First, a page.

Memo to music software developers, artists and labels distributing music, and anyone else who uses optical drives: stop assuming they’ll always be there, because they won’t. Talking points:
- Netbooks and tablets already lack optical drives. With more mobile devices, they’re unlikely to be alone.
- Next up: laptops. Many laptops over the years have put optical drives in removable drive bays or shipped as external options to shed weight and bulk. HP Envy models recently came with external drives. And now, it’s a sure bet that Apple will drop optical drives on at least some MacBook Pros, as it did on the Air.
- If you’re selling paid software, customers do sometimes lose your discs (or they’re on the road without access to them.)
- If you’re sending music promos, the accessibility and manageability of digital may be essential. And you don’t want someone to fail to listen to a record just because they didn’t plug in their MacBook optical dongle.
- At gigs (see lament below) be ready with some … I don’t know, QRCodes? (QRCodes on t-shirts!) Anıl Çamcı has a nice idea – print QRCodes on the physical CD, get the best of both worlds. (Suppose that works for vinyl, too; your laptop doesn’t have an LP slot.)
- Yes, I also hope USB stick prices plummet. Until then…
I really love CDs and my occasional Netflix DVD and other optical distribution. But the writing’s on the wall here.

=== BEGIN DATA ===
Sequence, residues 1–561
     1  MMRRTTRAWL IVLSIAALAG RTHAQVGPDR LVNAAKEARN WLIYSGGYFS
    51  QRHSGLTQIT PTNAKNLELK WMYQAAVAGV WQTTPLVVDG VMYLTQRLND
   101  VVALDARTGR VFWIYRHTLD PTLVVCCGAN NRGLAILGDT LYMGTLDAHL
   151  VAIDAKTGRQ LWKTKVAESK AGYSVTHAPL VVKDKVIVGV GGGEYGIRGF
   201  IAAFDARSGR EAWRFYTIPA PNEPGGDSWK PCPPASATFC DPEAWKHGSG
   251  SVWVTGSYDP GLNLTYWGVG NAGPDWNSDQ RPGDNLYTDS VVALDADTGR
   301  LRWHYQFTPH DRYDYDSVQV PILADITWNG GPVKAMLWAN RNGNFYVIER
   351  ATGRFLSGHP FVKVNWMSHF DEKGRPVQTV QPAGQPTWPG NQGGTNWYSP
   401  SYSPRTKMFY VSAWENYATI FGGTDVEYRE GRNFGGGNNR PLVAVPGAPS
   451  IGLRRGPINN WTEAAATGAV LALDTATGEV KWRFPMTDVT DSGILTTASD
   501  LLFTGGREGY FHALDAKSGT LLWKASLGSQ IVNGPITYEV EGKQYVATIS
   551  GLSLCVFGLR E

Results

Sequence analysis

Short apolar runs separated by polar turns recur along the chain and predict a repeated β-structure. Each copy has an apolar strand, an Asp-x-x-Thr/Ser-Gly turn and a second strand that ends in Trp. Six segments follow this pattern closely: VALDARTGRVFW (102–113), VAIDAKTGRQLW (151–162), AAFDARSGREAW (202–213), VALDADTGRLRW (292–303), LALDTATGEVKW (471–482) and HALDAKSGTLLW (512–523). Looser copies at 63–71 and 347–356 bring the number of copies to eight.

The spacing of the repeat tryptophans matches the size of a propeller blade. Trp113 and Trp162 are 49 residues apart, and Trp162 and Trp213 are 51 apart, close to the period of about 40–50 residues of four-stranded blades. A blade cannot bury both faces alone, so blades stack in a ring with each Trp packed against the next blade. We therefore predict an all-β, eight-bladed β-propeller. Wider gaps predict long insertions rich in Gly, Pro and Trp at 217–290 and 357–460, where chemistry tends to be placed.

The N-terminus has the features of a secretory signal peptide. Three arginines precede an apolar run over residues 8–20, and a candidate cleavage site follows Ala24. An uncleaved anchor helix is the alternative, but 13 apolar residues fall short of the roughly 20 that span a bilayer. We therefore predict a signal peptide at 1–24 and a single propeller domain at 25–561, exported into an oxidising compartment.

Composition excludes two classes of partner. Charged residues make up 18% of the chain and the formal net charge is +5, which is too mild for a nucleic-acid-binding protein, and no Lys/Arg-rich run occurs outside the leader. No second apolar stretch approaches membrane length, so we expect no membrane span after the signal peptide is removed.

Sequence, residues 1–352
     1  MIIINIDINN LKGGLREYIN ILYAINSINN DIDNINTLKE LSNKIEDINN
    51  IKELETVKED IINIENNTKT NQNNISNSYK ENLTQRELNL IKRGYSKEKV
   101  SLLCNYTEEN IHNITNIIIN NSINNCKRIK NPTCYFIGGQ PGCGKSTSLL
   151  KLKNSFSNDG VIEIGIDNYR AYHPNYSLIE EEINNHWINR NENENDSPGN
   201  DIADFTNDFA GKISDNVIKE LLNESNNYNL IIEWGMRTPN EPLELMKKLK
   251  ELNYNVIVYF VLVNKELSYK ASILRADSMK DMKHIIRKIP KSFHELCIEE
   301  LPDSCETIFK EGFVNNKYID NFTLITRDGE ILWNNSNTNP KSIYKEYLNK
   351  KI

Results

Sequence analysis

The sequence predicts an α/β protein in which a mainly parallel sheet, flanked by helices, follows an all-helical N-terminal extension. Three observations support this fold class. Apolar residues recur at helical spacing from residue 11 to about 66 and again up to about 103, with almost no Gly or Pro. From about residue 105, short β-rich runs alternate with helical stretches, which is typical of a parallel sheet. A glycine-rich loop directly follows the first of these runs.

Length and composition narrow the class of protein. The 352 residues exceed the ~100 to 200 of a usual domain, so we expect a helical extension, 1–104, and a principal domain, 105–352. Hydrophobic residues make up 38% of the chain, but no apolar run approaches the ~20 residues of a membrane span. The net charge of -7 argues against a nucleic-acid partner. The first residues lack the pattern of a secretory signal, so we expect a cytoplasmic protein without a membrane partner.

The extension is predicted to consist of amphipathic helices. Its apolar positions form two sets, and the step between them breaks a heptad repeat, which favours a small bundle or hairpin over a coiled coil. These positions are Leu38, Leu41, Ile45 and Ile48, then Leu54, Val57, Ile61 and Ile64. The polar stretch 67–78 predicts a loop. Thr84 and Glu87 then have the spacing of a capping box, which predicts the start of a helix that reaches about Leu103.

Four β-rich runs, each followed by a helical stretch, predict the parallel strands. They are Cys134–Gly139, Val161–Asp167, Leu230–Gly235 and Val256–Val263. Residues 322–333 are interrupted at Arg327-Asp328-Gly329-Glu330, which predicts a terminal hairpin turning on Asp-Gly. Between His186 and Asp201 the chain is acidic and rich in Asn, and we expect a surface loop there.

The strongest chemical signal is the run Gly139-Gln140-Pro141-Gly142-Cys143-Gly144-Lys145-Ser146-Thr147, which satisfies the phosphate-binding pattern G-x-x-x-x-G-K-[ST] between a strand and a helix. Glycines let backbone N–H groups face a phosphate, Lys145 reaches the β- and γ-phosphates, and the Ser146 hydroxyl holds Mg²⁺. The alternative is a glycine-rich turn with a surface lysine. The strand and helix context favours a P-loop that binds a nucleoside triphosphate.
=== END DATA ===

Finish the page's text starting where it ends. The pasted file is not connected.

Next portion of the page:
I don’t think that this will force Mac developers into Apple’s Store. Many pro software developers are unlikely to want to play along with all of Apple’s approval rules; some already have digital distribution. (It ain’t rocket science.) There are reasons they might consider that store, and this decision could help give Apple some momentum, but unlike on iOS, distribution through such a store is non-exclusive and likely to remain that way. That means that the presence of a particular drive does little to change the existing pros and cons of this and other stores. If you liked them before, you like them now; if not, you still don’t.
There’s a technology for loading content, code and music, tools and visuals onto a computer without shiny, plastic discs. It’s not called the Apple App Store. It’s called “The Internet.”
Nor do I think this means any major change – negative or positive – in regards to DRM.
In fact, expect an uptick in the use of USB sticks and other larger storage. That already had begun with massive sample libraries that number the hundreds of gigs. It’s a no-brainer for other large content, too. That’ll just have to square with another trend, however – solid state drives pulling average internal storage size lower and costs higher, at least in the immediate term.
One very big negative: physical handouts at shows. CDs are still far cheaper to reproduce (by an order of magnitude) than are USB sticks. Then again, maybe music lovers will keep that (now external) drive handy.
As a user, it’s worth not reading too much into this. My hope is that the internal drive bays remain, but are simply either available for upgrade or have a different drive in them. That means additional storage and customization configurations, one likely being optical drives if you want them. External drive options will also most certainly be available. And I hardly expect this to happen across the board all at once – particularly on the PC side, where there’s more model diversity.
Keeping optical drives around will remain a fantastic way to watch videos – particularly on the superior Blu-Ray format – and CDs aren’t going anywhere in a hurry.
Having online access to software you’ve purchased, though, is a no-brainer, and by no means requires an Apple-specific (or any other) store.